In fact, the movement bears an uncanny resemblance to another bastion of unrelentingly positive, mostly secular self-help: Alcoholics Anonymous. NoFap employs a day-counter badge system that tracks a user’s number of “days clean” and displays it next to his user name. A participant may choose to pair with an “accountability partner” who can monitor his Internet history with software in order to keep him honest. Fapstronauts in need of immediate bolstering can turn to the emergency button, an Internet and android app (coming soon to iPhone) that displays big, color-block tiles labeled “Rejection,” “Depression,” “Relapsed,” and “Emergency” (with a tiny option for “Religion” in the upper right corner). Press a button—whatever applies to your particular strand of masturbatory angst—and the app generates an inspirational quote, Youtube video, or cleverly repurposed meme to instantaneously put you on track. It’s self-help clickbait—the methadone to porn’s heroin.

There’s even a subforum called NoFapWar, which transforms the quest to avoid masturbating into a war game of fapstinence attrition in which platoon leaders are selected, soldiers are recruited, and the team with the most men standing at the end wins. (If it seems juvenile, then so be it—whatever it takes to forgo porn and masturbation, one day at a time.) Though the forum is imbued with the nerdy humor and half-ironic jokiness that you’d expect from its membership, the occasional dark confession (one poster writes desperately about hoarding multiple terabytes of pornographic photos) is met with the kind of heartfelt support you’d expect at a group therapy session: It’s OK. Do the right thing. Delete the stash. You’ll get through this. We’re here for you.

 

Of course, some experts question the premise of porn addiction altogether. David Ley, a clinical psychologist and the author of The Myth of Sex Addiction, argues that the very concept is little more than an easy-way-out, media-hyped reaction to larger problems. “the term ‘addiction’ has lost its clinical usefulness,” he tells me. “It’s been hijacked by people pushing agendas: the media exploit our fear of sex to make money, religious groups use pseudoscience to gain followers”—and even decidedly nonreligious nonprofit groups like NoFap are driven to “use the porn addiction concept as a glossing over of more complex problems. they’re saying, ‘Porn is the problem. Not you.’ But of course, that isn’t true.” Ley argues that many obsessive masturbators may really be struggling with pathological obsession. “The porn was never the problem. The problem was their obsessive personality in the first place.”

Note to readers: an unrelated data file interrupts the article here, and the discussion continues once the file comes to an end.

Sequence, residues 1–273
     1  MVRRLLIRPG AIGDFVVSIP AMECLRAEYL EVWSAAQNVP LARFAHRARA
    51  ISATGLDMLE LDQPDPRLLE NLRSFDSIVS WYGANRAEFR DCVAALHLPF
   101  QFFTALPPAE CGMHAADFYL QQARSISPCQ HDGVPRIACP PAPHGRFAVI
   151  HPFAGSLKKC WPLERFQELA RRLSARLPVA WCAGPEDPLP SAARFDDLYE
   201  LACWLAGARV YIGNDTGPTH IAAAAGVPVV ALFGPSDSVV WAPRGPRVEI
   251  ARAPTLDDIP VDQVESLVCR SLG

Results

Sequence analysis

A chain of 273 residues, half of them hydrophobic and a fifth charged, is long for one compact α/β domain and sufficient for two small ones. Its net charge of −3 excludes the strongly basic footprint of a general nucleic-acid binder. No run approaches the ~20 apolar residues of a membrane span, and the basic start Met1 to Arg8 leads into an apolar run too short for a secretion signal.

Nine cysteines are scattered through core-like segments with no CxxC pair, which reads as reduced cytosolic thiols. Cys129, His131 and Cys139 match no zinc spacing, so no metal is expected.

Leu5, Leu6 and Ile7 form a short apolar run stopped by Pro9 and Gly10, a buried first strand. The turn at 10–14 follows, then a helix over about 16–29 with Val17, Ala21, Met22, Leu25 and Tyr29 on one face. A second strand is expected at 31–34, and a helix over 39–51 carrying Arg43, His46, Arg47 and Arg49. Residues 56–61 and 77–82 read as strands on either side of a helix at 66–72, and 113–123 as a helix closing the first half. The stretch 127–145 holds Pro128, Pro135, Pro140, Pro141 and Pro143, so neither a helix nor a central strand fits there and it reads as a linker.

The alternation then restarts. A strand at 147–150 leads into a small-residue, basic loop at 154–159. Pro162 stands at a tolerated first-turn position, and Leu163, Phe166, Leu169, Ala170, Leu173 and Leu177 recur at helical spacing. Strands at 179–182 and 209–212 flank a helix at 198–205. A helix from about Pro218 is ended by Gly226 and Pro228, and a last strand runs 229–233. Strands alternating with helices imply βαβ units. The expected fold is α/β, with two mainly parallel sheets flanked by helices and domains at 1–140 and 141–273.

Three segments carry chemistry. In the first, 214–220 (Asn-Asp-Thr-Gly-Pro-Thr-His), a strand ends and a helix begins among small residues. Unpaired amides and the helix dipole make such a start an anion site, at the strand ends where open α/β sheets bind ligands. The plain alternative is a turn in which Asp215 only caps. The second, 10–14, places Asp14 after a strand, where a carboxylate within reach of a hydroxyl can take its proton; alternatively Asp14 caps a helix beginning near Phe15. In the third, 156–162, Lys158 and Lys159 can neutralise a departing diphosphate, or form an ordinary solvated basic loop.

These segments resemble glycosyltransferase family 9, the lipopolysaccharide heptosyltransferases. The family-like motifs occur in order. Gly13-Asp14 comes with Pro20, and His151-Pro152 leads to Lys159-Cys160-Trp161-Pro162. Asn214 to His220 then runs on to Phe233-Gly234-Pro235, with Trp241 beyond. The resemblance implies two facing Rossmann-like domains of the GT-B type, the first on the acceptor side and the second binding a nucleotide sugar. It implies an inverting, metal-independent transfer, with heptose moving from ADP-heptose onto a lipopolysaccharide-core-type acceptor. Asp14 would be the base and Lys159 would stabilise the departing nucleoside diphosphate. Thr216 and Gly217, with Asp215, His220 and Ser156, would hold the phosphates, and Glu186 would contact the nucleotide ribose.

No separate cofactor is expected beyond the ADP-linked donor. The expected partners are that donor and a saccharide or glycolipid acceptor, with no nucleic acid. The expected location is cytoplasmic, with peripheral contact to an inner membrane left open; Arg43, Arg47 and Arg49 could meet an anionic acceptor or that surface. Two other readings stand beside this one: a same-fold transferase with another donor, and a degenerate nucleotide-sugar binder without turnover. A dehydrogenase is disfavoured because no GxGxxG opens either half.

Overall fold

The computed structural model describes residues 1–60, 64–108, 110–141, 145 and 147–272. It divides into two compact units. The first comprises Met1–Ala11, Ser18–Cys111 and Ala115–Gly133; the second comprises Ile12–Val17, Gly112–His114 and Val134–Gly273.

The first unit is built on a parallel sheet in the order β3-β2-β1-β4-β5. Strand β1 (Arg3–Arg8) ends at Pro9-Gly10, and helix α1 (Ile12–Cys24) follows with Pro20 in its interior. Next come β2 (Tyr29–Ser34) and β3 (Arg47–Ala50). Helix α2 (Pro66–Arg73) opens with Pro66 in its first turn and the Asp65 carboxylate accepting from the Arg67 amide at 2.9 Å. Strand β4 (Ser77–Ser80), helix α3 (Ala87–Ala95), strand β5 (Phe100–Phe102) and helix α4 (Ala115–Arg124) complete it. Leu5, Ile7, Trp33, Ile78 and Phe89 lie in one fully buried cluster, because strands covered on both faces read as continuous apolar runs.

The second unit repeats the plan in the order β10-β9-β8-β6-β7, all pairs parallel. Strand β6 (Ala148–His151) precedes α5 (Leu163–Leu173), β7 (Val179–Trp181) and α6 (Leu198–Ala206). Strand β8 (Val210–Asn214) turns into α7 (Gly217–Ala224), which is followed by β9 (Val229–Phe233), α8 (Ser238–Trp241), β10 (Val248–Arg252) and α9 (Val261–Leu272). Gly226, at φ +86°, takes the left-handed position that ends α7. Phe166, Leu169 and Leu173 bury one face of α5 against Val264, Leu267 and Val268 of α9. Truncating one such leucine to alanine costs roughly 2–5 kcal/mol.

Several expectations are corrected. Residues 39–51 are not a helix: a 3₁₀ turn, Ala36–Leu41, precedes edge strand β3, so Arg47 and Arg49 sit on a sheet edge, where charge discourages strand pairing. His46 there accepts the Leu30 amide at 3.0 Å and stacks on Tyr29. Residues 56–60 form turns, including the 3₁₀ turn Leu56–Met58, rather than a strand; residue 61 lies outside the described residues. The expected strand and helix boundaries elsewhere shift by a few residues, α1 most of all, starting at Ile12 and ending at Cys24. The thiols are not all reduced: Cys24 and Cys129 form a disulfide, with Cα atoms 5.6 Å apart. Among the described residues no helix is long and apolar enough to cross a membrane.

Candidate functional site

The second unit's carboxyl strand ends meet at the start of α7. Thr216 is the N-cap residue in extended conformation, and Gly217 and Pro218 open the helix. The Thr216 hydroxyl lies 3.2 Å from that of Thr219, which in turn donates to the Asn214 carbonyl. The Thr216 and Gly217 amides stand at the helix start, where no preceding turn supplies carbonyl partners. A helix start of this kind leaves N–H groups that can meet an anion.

Maybe so. but on a forum where a daily three-hour masturbation session is considered tame, clinical distinctions may not matter much. at his worst, Rhodes says, he was fapping 10 times a day. “I don’t really care what the science says. My experience says that Internet porn is a drug. It numbs your emotions. It’s a form of escapism, of running from your problems.” Many of NoFap’s adherents, he adds, fit a predictable profile: “A lot of young males who have never been in a sexual relationship.” More precisely, according to the 2012 study, 31 percent are in their teens; 58 percent are in their 20s; and 11 percent are 30 or older. Three-quarters are single, and nearly half are virgins.

As a 19-year-old who describes himself as “awkward” and traces a fraught and limited history with women, Final Fight fits that bill. “I’d trade all the porn I’ve ever seen for just one kiss,” he says. And for people like him, sex addicts anonymous or a regular therapy session may be overkill. In such cases, it’s hard to argue that reorienting excessive behavior into a positive life philosophy is a bad thing. If many of these so-called porn addicts are just run-of-the-mill nerds with limited contact with the opposite sex and what they deem to be an unhealthy relationship to porn, why shouldn’t they have a place where they can all come together in the interest of, ah, not coming?

NoFap is filled with success stories—tales of self-improvement ranging from weight loss to increased social confidence to finally getting a girlfriend. Cause and effect are hard to measure, of course, but when you come down to it, the overwhelmingly positive message of the movement may have a power of its own: Fapstronauts believe that they’re learning how to suppress their urges, respect and pursue tangible goals, and climb out of the depths of self-doubt to figure out who they are and form meaningful relationships. And maybe they’re right—maybe we’re in for a surge of young male productivity, a new era of sexually confident and iron-willed go-getters. Maybe NoFap really will usher in a golden age of male mindfulness.

At the very least, we’d have far fewer missing socks.

Original article